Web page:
HIV- and antiretroviral therapy–induced bone loss has long been recognized, but only recently have we begun to appreciate its effect on fracture risk. In a recent case-control study conducted to explore this association, researchers used Danish National Health Service registries data on patients with fractures in 2000 and age- and sex-matched controls without fractures that year (n=124,655 and 373,962, respectively).
After adjustment for traditional osteoporosis risks, HIV infection was associated with a significantly increased fracture risk (odds ratio, 2.00). This association was particularly strong at key fracture-prone sites, including the hip (OR, 6.46), the spine (OR, 4.65), and the forearm (OR, 2.34). The findings were similar between men and women and between younger and middle-aged populations. Risk was related to the duration of infection, rising most rapidly during the first 2 or 3 years following HIV diagnosis and more slowly thereafter.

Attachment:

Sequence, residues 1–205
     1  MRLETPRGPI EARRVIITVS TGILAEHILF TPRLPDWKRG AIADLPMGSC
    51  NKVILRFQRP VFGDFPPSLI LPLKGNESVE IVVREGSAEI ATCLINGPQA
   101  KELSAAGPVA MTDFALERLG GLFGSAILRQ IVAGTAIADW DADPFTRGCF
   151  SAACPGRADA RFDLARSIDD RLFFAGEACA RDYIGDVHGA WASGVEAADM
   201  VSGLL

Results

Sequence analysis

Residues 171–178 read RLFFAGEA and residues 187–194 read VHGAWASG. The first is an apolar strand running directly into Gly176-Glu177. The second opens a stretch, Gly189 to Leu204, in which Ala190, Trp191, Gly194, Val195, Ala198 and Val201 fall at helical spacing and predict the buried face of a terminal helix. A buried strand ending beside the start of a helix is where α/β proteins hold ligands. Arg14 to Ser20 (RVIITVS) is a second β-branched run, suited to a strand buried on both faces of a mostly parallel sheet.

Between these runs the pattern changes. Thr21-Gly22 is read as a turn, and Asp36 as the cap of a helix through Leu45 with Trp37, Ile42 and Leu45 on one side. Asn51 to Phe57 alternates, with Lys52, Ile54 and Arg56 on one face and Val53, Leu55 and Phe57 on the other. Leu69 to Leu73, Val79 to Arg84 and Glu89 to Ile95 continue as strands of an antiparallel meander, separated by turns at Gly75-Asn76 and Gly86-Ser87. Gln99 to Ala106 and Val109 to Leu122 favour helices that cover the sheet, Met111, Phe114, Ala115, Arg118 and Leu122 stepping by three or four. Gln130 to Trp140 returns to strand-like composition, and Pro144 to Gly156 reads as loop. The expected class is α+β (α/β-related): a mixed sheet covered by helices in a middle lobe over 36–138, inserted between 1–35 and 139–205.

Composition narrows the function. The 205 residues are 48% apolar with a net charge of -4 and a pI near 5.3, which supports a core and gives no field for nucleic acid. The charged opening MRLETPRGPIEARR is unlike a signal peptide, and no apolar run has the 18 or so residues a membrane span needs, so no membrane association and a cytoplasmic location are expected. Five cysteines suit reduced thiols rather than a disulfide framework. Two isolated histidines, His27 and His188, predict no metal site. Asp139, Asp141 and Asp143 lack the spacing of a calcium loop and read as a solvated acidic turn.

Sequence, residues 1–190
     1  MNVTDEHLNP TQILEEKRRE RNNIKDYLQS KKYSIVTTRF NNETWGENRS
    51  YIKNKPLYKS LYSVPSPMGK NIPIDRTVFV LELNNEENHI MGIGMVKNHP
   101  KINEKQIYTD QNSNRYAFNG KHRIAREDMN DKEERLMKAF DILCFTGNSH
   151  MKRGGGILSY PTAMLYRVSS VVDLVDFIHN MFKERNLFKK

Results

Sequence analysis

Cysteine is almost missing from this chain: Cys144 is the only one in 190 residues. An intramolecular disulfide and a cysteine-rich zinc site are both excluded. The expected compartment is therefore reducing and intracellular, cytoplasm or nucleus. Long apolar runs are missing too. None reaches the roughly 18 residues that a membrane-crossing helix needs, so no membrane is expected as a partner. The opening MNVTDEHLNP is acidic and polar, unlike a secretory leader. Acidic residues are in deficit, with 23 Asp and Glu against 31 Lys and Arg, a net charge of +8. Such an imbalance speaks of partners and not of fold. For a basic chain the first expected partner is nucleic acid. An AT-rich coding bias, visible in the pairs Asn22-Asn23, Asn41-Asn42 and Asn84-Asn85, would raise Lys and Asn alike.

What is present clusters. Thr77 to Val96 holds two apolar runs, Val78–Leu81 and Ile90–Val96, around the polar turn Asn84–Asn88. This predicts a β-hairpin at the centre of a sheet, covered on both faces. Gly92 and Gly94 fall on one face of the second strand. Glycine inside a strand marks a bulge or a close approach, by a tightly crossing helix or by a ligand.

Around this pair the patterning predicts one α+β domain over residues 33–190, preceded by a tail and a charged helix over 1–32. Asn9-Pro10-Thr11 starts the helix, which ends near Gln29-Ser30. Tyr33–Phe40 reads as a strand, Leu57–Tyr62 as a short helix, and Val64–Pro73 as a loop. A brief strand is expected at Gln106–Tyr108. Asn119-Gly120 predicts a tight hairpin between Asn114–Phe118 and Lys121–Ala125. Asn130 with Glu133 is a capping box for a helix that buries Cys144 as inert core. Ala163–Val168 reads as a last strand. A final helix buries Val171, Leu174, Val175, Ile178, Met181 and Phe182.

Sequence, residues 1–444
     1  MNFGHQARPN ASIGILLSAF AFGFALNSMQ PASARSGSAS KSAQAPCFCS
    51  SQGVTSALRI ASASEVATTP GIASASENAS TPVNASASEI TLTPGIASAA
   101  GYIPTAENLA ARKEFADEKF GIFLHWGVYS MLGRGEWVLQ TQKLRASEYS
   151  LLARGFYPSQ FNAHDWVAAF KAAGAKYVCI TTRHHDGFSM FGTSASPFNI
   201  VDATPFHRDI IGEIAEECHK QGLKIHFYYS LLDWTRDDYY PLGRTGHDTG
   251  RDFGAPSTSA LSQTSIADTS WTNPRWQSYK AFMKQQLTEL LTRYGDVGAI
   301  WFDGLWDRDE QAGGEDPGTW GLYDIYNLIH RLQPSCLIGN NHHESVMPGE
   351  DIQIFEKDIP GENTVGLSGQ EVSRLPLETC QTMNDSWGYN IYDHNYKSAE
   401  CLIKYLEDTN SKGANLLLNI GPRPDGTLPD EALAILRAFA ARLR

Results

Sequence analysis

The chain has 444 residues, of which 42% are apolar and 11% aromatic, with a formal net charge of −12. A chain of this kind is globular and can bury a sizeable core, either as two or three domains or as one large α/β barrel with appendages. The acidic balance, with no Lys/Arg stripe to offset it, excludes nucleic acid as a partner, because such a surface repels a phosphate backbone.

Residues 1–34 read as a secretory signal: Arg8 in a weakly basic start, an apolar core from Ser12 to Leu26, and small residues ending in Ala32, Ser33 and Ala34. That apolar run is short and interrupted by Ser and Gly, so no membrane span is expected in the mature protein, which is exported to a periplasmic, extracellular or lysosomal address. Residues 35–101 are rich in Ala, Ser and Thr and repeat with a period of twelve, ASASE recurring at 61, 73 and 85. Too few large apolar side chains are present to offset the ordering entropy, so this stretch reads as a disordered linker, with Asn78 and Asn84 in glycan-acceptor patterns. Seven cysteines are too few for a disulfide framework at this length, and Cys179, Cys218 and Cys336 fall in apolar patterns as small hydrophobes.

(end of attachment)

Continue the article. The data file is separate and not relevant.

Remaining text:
Dr. Ofotokun is an associate professor of infectious disease, Emory University School of Medicine, and an investigator for the Atlanta Clinical & Translational Science Institute, Emory University. He reports no conflicts of interest.
Prieto-Alhambra D et al. HIV infection and its association with an excess risk of clinical fractures: A nationwide case–control study. J Acquir Immune Defic Syndr 2014 May 1; 66:90.